IN AMERICA, after each and every massacre, we debate what time’s the right time to “politicize” gun violence.

Meanwhile, most of the rest of the world cannot understand the way of the gun on U.S. shores. And they cannot comprehend why almost any post-massacre words beyond “thoughts and prayers” can seem to ignite a new controversy.

Sunday night’s mass shooting in Las Vegas has attracted the baffled gaze and passionate outcry of commentators. Here is how some cartoonists around the world are satirizing the American response:

JOEP BERTRAMS (The Netherlands):

Joep Bertrams / ( 2017


Peter Broelman / Australia ( 2017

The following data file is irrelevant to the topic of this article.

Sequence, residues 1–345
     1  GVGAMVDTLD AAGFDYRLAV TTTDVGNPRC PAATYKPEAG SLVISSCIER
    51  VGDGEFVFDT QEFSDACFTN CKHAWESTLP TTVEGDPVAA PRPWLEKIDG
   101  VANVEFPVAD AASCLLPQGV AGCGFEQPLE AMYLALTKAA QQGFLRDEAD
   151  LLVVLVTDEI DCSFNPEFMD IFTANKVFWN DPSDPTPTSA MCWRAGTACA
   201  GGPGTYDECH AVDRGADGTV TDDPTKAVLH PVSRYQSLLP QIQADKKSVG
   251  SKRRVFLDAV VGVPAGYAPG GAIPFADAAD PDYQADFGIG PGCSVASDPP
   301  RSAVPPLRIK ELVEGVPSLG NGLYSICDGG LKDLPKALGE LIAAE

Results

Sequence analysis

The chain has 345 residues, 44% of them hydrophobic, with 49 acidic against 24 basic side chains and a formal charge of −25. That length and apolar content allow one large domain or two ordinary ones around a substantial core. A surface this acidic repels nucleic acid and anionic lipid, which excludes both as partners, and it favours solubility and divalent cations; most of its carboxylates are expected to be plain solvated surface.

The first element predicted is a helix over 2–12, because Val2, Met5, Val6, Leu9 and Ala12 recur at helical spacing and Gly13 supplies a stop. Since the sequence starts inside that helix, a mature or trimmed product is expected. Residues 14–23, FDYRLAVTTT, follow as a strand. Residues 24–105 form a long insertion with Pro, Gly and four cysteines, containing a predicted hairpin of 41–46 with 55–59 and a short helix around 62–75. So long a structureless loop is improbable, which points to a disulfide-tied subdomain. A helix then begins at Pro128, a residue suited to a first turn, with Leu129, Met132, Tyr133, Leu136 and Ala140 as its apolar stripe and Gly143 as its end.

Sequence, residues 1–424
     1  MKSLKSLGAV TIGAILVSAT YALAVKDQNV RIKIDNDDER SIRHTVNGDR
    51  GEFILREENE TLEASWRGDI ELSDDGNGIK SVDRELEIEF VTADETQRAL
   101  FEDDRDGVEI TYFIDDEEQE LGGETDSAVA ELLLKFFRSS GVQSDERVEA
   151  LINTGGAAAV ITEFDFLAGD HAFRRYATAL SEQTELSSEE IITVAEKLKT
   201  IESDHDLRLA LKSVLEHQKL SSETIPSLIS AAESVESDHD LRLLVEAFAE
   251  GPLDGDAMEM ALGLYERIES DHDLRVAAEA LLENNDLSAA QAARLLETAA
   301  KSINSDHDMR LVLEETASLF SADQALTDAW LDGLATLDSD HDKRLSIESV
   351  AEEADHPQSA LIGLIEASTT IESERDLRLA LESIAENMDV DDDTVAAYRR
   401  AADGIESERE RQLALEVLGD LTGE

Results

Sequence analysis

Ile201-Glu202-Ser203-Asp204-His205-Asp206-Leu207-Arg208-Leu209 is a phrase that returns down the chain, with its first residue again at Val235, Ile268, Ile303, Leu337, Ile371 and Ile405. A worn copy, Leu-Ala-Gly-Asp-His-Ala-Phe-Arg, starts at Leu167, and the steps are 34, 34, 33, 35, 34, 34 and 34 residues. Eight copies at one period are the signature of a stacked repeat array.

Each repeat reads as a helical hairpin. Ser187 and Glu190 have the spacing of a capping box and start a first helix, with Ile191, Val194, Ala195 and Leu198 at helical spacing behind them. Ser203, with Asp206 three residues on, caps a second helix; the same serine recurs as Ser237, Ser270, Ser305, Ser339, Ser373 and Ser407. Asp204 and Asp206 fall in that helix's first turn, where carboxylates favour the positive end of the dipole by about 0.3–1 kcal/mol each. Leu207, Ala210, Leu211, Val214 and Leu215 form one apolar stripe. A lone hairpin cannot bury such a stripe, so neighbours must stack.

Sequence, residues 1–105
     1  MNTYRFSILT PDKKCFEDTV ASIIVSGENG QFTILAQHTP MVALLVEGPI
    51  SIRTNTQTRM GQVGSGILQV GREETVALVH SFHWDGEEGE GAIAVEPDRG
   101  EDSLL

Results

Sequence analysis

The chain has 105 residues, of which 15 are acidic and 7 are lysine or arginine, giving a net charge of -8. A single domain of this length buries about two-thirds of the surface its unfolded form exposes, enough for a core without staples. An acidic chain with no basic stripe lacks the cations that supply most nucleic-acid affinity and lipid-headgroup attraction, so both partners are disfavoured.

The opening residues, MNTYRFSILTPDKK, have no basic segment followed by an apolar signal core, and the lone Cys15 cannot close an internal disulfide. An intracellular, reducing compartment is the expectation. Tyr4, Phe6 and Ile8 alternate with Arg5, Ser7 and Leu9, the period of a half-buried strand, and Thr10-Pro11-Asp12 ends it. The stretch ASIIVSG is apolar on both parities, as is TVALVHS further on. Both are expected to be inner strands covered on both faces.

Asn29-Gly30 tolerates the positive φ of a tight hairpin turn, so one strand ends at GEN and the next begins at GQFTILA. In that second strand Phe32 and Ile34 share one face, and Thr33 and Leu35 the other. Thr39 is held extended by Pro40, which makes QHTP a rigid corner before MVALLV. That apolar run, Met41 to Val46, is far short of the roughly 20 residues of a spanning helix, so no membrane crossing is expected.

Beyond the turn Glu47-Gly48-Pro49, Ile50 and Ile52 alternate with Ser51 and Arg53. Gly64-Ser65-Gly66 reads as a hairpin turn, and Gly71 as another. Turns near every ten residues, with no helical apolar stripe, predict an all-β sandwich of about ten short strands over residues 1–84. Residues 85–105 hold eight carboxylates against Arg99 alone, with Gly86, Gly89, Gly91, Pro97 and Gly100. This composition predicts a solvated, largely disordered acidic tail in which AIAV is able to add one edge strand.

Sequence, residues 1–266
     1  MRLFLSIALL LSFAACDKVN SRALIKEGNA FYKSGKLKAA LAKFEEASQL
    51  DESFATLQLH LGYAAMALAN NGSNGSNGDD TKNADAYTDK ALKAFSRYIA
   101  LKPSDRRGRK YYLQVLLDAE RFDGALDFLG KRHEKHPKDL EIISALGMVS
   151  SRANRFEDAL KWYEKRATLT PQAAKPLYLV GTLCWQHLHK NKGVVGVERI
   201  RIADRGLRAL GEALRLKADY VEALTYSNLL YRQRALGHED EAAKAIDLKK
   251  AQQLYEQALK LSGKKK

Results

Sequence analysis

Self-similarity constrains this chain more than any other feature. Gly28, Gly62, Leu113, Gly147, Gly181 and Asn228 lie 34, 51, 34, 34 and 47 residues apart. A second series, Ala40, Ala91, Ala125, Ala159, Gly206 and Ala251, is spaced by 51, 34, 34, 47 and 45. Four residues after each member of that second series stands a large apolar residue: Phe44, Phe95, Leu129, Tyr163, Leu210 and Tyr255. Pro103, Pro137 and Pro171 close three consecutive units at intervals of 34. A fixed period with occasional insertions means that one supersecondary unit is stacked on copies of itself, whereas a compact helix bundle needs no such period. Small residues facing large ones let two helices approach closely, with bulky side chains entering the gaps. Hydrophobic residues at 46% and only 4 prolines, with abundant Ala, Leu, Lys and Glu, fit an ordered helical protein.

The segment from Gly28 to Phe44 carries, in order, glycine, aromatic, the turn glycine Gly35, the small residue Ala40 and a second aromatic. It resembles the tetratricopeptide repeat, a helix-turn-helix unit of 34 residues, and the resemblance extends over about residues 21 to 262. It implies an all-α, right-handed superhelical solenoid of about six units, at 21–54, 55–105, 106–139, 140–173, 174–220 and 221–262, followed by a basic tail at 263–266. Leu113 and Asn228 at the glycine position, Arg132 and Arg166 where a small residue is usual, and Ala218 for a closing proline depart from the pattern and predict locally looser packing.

by Petar Pismestrovic / Kleine Zeitung, Austria ( 2017

PAUL ZANETTI (Australia):

by Paul Zanetti / Australia ( 2017

PARESH NATH (United Arab Emirates):

by Paresh Nath / The Khaleej Times, UAE ( 2017

AISLIN (Canada):

by Aislin / Montreal Gazette, Canada ( 2017

Read more:

How cartoons are arguing for gun control after the Las Vegas massacre

In times of crisis, what do we really mean by ‘thoughts and prayers’?

Some in GOP open to discussing Democrats’ proposal to ban device used in Las Vegas attack